Unending Pain Part Two
I was always a happy person, but when she died so did my happiness.
The unending pain that I felt after losing my daughter, never seemed to offer me a light at the end of the tunnel. I had made all the necessary calls the day I held her for the last time. I notified friends, family, my job, and my daughter's school. Our family was few at this point in my life, but they were all shocked and swearing to be there for whatever I needed. What I needed though, they could never give me. What I needed was my daughter back and alive. That is what I needed and wanted and nobody could give me that.
Once I notified her school, they offered their support wholeheartedly. They had a special ceremony for her that Friday night at the school grounds for anyone who needed to offer prayers and try to grasp what had occurred as a whole. Any life lost due to death affects so many people. It is better to heal as a whole with support than alone, at least that's what I am told.
I attended the school ceremony to honor my daughter. It was a beautiful show of love and respect that so many had for her. She would have loved to have known how many people were going to miss her. The teachers gave me a neat and tidy box full of all her belongings that were left at the school. Inside the box was also cards and notes of condolences from students and teachers. I have never been able to go through this box and I never will.
Going to the funeral home was the hardest thing I had done since the morning I had found her body. The workers there were so kind and understanding and helped me through the entire process. I ended my decision with no cremation, but the most beautiful casket they offered me. It had a white exterior with golden handles on it. The inside, where her body would sleep for eternity, was lined in a satin pastel pink with a matching pillow where her head would lay.
I chose to have her service at the funeral home since I wanted both our pastor and my father to speak. The service I was told was beautiful. Honestly, I can't even recall any of it. I was engulfed in such a painful haze, having that out of body experience all over again. They say that after the service there was not a dry eye on anybody. I was told that the flowers were in such a great abundance they wouldn't all fit in the room where she lay.
Family, friends and even co-workers came to my home with food and the offer of their time to help with whatever they could. There is nothing they could do for me though. I had shut the door to my daughter's bedroom and wouldn't allow anyone in there. I thanked everyone for their food and kindness in wanting to comfort me. I ended up sending all of them away. The only thing I wanted was to have my daughter back. Nobody could bring her back to me, so I saw no point in any company. I just wanted to be left alone and mourn in peace.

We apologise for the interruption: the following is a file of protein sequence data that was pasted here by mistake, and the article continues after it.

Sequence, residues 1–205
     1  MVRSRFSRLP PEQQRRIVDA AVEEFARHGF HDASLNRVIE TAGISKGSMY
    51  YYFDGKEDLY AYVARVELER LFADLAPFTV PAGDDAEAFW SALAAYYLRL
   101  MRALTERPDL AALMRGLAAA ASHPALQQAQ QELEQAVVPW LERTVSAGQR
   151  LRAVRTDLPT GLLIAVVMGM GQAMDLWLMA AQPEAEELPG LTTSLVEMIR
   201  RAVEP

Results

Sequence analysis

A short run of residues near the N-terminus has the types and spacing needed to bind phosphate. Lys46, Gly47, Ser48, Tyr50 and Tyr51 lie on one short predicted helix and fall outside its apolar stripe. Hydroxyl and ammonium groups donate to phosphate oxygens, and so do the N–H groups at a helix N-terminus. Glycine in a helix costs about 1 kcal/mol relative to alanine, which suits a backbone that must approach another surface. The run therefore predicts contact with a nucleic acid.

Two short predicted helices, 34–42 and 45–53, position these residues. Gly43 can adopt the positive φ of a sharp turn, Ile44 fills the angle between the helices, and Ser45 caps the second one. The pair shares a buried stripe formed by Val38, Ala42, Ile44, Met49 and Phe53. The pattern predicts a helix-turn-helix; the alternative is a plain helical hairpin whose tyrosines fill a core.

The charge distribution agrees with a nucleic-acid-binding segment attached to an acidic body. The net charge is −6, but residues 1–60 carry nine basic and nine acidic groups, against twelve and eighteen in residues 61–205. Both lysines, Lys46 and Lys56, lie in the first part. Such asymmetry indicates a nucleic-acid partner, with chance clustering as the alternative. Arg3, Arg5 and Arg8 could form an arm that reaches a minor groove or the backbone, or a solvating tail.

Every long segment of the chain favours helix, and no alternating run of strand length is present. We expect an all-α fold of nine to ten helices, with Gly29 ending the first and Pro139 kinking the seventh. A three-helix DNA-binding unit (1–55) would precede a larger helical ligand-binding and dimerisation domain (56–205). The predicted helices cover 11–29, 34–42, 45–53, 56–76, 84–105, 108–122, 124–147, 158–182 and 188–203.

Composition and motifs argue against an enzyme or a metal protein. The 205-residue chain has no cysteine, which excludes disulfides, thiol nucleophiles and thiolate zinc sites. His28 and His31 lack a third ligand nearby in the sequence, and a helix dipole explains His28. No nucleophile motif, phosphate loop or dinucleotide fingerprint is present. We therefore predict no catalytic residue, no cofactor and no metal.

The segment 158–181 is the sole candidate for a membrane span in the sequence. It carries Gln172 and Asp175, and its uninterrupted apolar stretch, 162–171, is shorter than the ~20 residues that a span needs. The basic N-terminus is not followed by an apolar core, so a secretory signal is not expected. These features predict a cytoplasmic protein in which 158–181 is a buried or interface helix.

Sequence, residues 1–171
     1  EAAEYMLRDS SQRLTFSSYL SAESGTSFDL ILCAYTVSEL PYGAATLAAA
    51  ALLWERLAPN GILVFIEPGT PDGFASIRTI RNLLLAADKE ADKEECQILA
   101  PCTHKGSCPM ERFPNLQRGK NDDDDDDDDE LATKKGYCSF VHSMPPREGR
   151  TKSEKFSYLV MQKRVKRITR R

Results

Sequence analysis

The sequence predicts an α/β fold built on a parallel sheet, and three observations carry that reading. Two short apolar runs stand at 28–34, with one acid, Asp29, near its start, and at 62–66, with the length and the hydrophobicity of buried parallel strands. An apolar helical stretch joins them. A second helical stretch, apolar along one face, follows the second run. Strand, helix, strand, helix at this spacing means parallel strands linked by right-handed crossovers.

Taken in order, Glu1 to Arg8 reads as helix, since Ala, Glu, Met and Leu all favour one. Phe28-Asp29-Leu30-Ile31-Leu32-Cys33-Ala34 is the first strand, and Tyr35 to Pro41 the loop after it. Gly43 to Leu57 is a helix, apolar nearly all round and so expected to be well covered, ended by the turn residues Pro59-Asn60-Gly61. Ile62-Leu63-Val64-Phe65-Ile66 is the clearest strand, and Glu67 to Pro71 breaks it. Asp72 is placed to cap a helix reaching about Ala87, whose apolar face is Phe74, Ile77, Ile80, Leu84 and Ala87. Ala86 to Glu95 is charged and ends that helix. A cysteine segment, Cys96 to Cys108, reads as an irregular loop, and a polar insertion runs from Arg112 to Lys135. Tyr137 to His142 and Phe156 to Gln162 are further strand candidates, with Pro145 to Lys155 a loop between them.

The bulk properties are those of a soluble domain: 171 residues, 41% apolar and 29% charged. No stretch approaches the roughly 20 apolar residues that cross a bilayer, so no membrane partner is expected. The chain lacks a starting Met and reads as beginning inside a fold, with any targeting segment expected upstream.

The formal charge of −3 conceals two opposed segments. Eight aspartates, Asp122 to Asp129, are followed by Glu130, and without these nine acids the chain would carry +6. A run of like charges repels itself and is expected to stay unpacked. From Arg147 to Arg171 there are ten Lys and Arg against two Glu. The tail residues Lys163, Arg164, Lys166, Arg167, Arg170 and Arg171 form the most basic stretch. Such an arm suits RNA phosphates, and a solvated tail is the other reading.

I tried going into her room once, but opening her door was as far as I could get. It was as if the last place she was alive had become a sacred place to me. I know that is just a comfort tool I am using, nothing is sacred about her room now or will there ever be. It is actually an evil place that sucked her life from me, her last breath, nothing holy or sacred about that.
I tried going back to work. I always loved my job, the people that I worked with were the good kind. There was no gossip mill and nothing but a feeling of a loving family. The personal success I had achieved in moving up the corporate ladder was not even enough to get me to go. That self-satisfying feeling my job always gave me just wasn't in me anymore. I stopped going to work, I really saw no point in pretending that I was happy. I was always a happy person, but when she died, so did my happiness.
I stayed at home mostly, not really doing anything of importance. Without my daughter, I just could not muster any reason to go on. I had stopped eating altogether. I did try a couple times, but I could not enjoy it. If I swallowed any food I just threw it up anyway. I was not answering the constantly ringing phone and eventually, I just turned it off. At times there would be people ringing my doorbell or knocking rather loudly, but I never answered. I had no desire to see anyone and no longer had the energy or joy of spending time with people.
When my daughter died I believe she killed us both. I will never know why she took her own life, but if she was feeling like I am now, I understand the deep need to stop the pain.
I went up the staircase and headed towards her room. I put my hand on the cold doorknob and pushed it open. It was dark and dusty and the sadness seemed to overwhelm me. Weakened from my lack of energy, I fell to the floor. Minutes ticked by into hours and I started to crawl my way towards her bed. The pain engulfed me in that instant. It was as if I was drowning under water and could not get any air into my lungs.
I had died of a heart attack on her bedroom floor. I just could not find a reason to live without her.